The Meat Standards Australia program has delivered commercial benefits to many sectors of the supply chain last financial year, with now more than 40 per cent of the adult cattle slaughter being MSA graded and more than 25pc of lambs following MSA pathways.
This delivered an estimated $130 million in additional farm gate returns to beef producers.
More than 2.7 million cattle and 5.7 million sheep were graded through the MSA program in the 2016-17 financial year.
Compliance to MSA minimum requirements improved with the average MSA Index increasing to 57.59, while across the country compliance averaged 94 per cent.
The annual 2016-17 MSA Annual Outcomes Report is a reflection of MSA’s progress towards achieving key industry objectives by the year 2020.
MSA producers can now benchmark the performance of their cattle against other producers using the myMSA feedback system. The new myMSA Benchmarking tool provides producers with the opportunity to benchmark their cattle’s compliance and MSA Index results against other producers in their region, state or across the country. Parameters can be refined by selecting for feed type, hormonal growth promotant status and time frame, providing more meaningful feedback about producers’ own enterprises and performance, according to Meat and Livestock Australia.
As consumers of Australian beef and lamb are asked to pay higher prices than other proteins, it is imperative their expectations are consistently met for eating quality. To do this, there are now 156 MSA-licensed beef and lamb brands underpinning their products with the independent eating quality endorsement of MSA, and 11 of these actively taking the MSA message to their customers in export markets. Beef producers have continued to embrace carcase feedback with one-third of producers consigning MSA cattle during the year accessing the myMSA feedback system. In turn, compliance to MSA requirements has improved from 92.6pc to 94pc, according to MSA program manager Sarah Strachan.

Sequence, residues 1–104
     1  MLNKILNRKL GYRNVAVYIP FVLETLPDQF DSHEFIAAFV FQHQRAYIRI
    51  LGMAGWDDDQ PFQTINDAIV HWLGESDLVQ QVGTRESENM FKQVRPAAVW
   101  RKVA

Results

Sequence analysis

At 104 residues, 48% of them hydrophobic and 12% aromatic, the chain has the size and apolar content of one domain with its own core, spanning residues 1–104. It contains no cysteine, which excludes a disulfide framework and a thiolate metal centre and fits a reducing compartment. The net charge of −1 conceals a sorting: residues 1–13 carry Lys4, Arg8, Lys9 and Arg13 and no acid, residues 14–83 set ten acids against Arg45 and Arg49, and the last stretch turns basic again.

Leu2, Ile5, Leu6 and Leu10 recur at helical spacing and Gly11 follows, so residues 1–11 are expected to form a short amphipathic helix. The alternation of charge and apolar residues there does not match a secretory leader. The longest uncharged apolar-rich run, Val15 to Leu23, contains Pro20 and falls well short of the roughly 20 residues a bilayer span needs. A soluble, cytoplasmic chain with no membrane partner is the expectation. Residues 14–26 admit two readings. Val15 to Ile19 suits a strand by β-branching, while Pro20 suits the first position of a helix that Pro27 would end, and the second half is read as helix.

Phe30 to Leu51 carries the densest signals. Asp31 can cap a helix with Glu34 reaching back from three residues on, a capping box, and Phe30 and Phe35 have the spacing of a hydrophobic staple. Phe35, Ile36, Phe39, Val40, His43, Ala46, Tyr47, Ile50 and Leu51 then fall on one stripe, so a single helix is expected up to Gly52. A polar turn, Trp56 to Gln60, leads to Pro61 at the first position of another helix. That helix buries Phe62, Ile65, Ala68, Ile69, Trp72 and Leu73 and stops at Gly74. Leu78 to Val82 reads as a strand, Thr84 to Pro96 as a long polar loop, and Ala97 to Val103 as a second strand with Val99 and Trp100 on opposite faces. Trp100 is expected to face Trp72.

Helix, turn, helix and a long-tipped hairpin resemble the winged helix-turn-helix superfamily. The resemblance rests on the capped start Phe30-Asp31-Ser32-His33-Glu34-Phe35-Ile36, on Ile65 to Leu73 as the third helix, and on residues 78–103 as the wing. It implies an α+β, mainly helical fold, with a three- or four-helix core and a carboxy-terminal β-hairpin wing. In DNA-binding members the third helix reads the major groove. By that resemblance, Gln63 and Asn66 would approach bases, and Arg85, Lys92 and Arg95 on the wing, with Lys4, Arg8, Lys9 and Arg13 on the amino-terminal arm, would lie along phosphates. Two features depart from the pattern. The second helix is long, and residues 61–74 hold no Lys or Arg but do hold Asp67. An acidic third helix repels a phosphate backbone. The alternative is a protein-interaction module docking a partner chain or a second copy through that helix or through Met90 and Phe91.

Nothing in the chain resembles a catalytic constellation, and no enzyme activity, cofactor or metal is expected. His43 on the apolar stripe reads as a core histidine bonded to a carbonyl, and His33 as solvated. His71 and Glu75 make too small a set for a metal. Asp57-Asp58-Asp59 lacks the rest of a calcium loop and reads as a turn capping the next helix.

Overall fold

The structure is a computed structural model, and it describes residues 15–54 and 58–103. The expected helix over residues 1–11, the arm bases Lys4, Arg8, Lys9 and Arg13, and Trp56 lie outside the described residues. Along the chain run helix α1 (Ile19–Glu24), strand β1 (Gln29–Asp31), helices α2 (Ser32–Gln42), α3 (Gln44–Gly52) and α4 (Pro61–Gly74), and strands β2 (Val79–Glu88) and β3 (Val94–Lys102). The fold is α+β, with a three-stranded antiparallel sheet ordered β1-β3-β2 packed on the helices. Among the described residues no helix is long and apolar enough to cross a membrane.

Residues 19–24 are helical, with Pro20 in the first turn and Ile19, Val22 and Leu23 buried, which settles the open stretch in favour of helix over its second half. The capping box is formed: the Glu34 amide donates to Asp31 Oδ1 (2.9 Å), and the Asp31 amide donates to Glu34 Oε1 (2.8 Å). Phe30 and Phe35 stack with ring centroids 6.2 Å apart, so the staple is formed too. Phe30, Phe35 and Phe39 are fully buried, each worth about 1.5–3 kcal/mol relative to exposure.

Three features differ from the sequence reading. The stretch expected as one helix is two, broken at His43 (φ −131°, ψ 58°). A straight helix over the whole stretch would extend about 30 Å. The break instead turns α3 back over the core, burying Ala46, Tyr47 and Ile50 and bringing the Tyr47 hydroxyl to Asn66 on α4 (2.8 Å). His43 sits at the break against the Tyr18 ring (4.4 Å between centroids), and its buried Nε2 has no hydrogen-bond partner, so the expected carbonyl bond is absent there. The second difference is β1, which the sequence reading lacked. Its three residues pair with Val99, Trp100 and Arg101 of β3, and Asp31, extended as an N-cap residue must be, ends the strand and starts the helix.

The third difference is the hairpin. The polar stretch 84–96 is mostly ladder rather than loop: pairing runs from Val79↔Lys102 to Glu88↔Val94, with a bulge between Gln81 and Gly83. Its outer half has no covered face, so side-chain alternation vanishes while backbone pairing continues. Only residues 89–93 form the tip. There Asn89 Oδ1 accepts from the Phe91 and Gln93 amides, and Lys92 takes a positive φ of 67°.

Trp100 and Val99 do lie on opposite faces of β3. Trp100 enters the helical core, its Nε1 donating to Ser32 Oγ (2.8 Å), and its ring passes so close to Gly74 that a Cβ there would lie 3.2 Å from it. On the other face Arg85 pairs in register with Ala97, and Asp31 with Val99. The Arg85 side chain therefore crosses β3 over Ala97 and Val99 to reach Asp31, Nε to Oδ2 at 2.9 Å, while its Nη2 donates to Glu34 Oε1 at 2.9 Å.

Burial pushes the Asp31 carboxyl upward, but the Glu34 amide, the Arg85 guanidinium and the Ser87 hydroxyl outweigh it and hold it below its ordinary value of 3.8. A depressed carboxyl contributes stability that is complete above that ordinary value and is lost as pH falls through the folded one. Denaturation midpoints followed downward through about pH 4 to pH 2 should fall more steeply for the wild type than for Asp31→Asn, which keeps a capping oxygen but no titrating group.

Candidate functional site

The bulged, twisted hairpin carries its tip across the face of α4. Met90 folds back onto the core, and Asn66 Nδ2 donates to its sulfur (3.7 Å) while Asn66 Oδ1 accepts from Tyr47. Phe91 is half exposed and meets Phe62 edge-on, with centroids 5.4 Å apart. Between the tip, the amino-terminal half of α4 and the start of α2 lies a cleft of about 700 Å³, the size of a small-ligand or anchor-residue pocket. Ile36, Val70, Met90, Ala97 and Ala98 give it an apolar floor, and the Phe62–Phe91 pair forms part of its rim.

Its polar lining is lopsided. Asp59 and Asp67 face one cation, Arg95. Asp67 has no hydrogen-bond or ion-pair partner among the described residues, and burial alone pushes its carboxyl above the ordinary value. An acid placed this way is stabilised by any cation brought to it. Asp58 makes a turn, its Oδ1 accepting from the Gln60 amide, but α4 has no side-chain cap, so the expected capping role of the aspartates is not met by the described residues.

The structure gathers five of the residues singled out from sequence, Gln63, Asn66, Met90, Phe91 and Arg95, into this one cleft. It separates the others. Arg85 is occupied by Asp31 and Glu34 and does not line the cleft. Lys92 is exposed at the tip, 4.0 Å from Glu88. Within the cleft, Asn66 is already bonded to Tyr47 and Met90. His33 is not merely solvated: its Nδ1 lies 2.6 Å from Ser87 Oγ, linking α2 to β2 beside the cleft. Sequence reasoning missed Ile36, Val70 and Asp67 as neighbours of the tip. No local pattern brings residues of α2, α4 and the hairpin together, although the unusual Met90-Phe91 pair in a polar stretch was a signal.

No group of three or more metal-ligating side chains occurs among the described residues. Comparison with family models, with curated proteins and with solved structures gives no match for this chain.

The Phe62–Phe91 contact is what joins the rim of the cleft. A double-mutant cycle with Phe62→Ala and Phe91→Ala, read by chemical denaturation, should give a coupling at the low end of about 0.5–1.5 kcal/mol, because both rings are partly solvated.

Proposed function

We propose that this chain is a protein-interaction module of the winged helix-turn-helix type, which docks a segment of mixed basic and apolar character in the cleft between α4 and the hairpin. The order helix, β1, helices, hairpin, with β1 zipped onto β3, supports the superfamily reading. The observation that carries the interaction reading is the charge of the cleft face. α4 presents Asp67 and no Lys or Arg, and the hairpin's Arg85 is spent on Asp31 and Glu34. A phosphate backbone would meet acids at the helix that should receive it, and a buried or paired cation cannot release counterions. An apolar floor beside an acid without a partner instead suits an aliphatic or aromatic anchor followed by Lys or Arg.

“More resources to support producers to continue to strive for excellence were released throughout 2016–17, with Benchmarking now available within myMSA,” Ms Strachan said.
“This allows producers to compare themselves for compliance and eating quality performance against other producers in their region, state or the country.
“This new resource offers more meaningful feedback to assist on-farm decisions.”
Throughout the year, significant eating-quality research projects commenced to ensure that the year 2020 goals of the MSA program are achieved. That includes all cattle in Australia being eligible for MSA grading and their eating quality being accurately predicted, as well as developing a cuts-based program for MSA sheepmeat using objective carcase technologies.
Throughout the year, the MSA program received an update by removing meat colour as a minimum requirement based on research using our world-leading consumer sensory testing protocols that confirmed meat colour does not have an impact on eating quality.
“MLA’s sights are set on more than 50pc of the cattle slaughter being MSA graded and 43pc of lamb slaughter following MSA pathways by the year 2020, so there is still work to be done,” Ms Strachan said.